Corporate Debt Restructuring- a Study on Indian Iron & Steel Industry

Hamsa Lakshmi Anandan


In 2001, the RBI set up the corporate debt restructuring (CDR) mechanism as a voluntary mechanism to facilitate restructuring debts of viable corporates outside the normal insolvency law process.  The main reason for such a sharp rise in CDR cases is the slowdown after 2008 that  reduced margins while huge expansion in the years before the crisis made companies pile up debt. The Infrastructure sector accounts for the most number of cases followed by iron and steel sector. The Indian steel industry continued to showcase trends of higher consumption of finished steel and continued to be a net importer on account of increased demand for special grades of steel in the country. Prior to the economic crisis of 2008, several steel makers had taken huge debt exposure, due to good demand. In addition, the cost of raw materials had shot up in recent months due to the clamp on iron ore mining in several states.  Now, raw material prices have gone up and the working capital requirement of steel companies have also gone up, putting pressure on margins. Higher interest rates have also affected the margins of steel producers.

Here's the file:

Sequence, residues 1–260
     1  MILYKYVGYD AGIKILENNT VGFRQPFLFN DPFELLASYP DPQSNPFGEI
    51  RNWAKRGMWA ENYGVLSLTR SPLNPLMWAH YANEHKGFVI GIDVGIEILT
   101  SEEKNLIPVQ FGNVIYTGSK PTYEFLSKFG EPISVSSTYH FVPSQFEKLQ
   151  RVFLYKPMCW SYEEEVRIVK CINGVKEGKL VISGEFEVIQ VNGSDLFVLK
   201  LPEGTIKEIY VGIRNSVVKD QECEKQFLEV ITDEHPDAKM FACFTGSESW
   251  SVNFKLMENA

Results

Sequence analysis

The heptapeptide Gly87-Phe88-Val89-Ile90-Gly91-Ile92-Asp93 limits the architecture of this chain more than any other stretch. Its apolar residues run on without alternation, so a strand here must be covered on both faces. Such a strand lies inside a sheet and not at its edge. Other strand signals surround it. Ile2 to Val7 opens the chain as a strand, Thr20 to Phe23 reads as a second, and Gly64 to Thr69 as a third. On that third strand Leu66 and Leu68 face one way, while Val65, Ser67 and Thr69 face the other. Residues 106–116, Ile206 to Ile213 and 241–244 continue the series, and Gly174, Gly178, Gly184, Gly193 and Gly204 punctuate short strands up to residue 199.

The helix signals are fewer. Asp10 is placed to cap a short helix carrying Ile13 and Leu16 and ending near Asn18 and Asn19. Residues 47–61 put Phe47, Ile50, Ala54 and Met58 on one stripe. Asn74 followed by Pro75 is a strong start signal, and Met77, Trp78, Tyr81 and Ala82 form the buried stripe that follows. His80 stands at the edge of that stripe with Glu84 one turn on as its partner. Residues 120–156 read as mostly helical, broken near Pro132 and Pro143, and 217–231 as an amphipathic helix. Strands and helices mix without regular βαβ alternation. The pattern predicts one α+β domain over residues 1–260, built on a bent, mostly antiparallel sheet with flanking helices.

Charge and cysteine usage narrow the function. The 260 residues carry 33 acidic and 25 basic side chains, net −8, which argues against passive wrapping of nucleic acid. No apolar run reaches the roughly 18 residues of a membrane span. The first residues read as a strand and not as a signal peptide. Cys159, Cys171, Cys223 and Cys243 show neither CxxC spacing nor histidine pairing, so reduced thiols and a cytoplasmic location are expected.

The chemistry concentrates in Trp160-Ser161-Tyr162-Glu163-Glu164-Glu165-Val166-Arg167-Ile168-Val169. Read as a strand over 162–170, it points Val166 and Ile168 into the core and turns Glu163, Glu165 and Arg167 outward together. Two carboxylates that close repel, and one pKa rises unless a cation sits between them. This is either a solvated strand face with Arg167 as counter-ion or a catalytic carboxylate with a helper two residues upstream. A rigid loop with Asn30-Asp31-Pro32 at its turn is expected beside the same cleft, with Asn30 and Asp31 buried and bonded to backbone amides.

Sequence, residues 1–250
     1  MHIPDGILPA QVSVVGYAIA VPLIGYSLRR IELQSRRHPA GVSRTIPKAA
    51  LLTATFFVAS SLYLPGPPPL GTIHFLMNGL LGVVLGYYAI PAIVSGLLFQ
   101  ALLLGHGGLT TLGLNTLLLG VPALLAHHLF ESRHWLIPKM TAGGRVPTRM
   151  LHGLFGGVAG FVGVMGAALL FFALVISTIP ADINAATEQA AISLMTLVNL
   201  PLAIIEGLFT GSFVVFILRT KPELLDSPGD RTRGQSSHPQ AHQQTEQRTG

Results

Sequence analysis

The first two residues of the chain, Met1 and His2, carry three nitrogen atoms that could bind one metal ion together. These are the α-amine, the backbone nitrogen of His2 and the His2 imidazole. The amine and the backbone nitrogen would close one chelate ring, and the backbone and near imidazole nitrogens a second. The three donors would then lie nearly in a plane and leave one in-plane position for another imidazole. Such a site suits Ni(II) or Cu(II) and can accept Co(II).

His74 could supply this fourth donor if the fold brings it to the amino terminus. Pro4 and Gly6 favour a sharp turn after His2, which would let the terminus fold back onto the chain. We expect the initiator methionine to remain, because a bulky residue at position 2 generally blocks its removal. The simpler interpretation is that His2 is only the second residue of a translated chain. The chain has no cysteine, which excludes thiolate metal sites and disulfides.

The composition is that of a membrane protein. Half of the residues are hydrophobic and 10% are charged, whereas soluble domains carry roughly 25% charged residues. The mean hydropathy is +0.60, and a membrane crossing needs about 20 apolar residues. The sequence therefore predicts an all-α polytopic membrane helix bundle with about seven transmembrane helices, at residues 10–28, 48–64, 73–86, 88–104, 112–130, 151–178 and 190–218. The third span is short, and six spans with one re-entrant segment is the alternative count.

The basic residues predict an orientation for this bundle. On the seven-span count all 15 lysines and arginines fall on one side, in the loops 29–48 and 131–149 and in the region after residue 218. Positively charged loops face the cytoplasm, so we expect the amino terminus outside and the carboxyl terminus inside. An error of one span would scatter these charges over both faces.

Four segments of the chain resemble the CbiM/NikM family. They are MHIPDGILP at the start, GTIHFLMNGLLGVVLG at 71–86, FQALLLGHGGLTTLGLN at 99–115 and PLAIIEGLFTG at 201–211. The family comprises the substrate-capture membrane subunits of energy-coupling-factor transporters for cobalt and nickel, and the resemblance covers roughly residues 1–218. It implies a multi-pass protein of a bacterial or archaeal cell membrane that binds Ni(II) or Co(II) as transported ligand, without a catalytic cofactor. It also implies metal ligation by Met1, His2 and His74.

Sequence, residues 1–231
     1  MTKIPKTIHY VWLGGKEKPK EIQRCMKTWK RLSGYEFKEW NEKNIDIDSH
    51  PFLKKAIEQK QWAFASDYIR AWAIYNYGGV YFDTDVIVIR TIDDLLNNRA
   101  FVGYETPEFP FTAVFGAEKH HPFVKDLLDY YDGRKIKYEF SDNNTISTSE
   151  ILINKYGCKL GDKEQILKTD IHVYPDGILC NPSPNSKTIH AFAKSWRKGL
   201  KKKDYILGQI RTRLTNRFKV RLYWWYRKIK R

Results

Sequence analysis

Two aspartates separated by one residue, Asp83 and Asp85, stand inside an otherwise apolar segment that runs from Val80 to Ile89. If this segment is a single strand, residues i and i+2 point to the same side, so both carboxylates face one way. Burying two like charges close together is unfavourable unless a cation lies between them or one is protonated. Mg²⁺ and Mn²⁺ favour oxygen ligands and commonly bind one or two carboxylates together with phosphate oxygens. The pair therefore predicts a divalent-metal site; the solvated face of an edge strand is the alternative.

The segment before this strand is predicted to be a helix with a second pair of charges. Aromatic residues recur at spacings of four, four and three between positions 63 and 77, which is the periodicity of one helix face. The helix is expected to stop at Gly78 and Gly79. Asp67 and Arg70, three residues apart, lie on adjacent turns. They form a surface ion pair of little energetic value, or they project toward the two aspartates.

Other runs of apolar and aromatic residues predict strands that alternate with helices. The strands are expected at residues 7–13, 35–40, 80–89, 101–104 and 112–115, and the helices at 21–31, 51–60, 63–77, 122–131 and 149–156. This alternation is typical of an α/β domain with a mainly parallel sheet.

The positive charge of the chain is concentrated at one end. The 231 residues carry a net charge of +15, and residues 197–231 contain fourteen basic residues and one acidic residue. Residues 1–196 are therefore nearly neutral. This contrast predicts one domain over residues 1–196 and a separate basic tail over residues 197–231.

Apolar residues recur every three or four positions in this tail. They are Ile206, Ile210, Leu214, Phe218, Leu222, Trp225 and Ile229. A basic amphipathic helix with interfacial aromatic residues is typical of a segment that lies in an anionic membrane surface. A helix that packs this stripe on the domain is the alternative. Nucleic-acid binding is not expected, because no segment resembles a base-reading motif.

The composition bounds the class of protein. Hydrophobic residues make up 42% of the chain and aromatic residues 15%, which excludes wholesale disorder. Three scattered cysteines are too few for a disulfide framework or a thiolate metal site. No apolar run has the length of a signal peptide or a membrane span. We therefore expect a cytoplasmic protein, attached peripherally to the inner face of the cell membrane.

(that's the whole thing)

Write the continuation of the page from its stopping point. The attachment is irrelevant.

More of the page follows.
In this background this research empirical study brings out an analysis of selected iron and steel companies performance of debt from financial year 2009 to 2013 based on selected financial variables and need for corporate debt restructuring mechanism was identified with the application of necessary statistical tools.


: Corporate Debt Restructuring, conversion of debt into equity, CDR Mechanism, and Steel Industry, Indian Steel Industry, performance of selected variable after 2008.

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By Abhishek Shanker and Rajesh Kumar Singh January 07, 2014


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